BOISE, Idaho – The Peregrine Fund was honored Wednesday by the National Military Fish and Wildlife Association for leadership and expertise in the effort to save the Northern Aplomado Falcon from extinction.
Since 2006, The Peregrine Fund has worked cooperatively with the U.S. military to release captive-bred Aplomado Falcons to the wild on the White Sands Missile Range in New Mexico.
“This program has clearly demonstrated to commanders nationwide that programs to recover endangered species can be quite harmonious with military use of the land,” said Junior Kerns, chief of the Environmental Stewardship Branch at the missile range.
Bill Heinrich, head of The Peregrine Fund’s species recovery program, and Joell Brown, development coordinator, accepted the 2011 Award for Natural Resources Conservation Communication-Conservation Partnerships at a ceremony Wednesday in Leavenworth, Kansas. The group also presented the award to Patricia L. Cutler, a civilian wildlife biologist who manages migratory bird and endangered species programs at the range.
“White Sands is an important partner in our effort to return the Aplomado Falcon to its native Southwest habitat,” Heinrich said. “We accept this award with gratitude to the military for its unwavering support.”
More than 150 young Aplomado Falcons have been released on the missile range and surrounding area in the last five years. The birds are produced in captivity at The Peregrine Fund’s World Center for Birds of Prey in Boise, Idaho, and transported to New Mexico for release.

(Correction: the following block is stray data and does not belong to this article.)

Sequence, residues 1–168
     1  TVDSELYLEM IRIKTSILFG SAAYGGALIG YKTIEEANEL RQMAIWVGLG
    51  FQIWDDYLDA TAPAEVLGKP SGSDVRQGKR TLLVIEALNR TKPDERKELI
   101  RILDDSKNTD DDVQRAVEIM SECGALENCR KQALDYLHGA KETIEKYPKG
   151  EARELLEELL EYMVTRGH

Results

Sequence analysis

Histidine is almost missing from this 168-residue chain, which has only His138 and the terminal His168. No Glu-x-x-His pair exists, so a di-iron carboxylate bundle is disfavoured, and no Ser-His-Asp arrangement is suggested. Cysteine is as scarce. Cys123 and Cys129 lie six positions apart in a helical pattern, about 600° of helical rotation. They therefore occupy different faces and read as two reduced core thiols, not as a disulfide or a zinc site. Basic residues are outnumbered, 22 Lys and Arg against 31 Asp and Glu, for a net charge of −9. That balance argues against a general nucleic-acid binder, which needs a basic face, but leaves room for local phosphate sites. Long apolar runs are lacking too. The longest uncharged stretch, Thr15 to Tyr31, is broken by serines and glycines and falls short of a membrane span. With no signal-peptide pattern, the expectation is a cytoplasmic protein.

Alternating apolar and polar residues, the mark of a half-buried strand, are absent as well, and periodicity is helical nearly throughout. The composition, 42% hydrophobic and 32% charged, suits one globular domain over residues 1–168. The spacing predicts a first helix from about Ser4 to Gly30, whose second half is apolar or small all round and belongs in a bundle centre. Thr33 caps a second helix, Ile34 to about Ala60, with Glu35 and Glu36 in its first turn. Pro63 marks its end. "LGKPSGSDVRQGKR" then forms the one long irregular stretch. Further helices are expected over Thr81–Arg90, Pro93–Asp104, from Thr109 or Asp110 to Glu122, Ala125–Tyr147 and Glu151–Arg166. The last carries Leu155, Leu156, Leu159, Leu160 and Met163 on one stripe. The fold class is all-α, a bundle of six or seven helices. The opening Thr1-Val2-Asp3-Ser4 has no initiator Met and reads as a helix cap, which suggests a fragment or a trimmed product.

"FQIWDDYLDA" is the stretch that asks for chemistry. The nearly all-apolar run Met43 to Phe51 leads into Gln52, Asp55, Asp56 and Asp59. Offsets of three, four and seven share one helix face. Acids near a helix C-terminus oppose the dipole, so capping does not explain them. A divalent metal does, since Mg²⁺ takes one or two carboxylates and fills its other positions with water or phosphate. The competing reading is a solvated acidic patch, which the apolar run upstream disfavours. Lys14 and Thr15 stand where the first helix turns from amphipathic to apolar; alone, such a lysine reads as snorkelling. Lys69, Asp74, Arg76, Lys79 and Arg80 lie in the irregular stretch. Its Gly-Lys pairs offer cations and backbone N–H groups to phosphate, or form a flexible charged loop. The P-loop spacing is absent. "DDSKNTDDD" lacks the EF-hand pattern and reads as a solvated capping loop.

As an indicator of the program’s success, eight nesting pairs have been found in New Mexico since 2007, with four pairs located in 2008 alone. This year, The Peregrine Fund will begin a study to learn more about the falcons in the wild. Like other birds of prey at the top of a delicate food web, Aplomado Falcons can reveal whether pollutants or other problems pose a danger to them or other animals, including humans, in the environment.
“As a sentinel species, the Aplomado Falcon will give us the opportunity to learn why some years are better than others in producing breeding pairs,” Brown said. “We will launch a major radio telemetry study in order to determine just where the birds are moving after they leave the release sites, as well as to determine potential mortality factors.”
For more than 20 years The Peregrine Fund has collaborated with many partners, including private landowner and state and federal agencies, to return the falcons to their historic range. In 1993, The Peregrine Fund began breeding captive Aplomado Falcons and releasing them to the wild. The recovery project began in South Texas, where there appears now to be a sustainable population. The program was expanded to West Texas in 2002 and to New Mexico in 2006.
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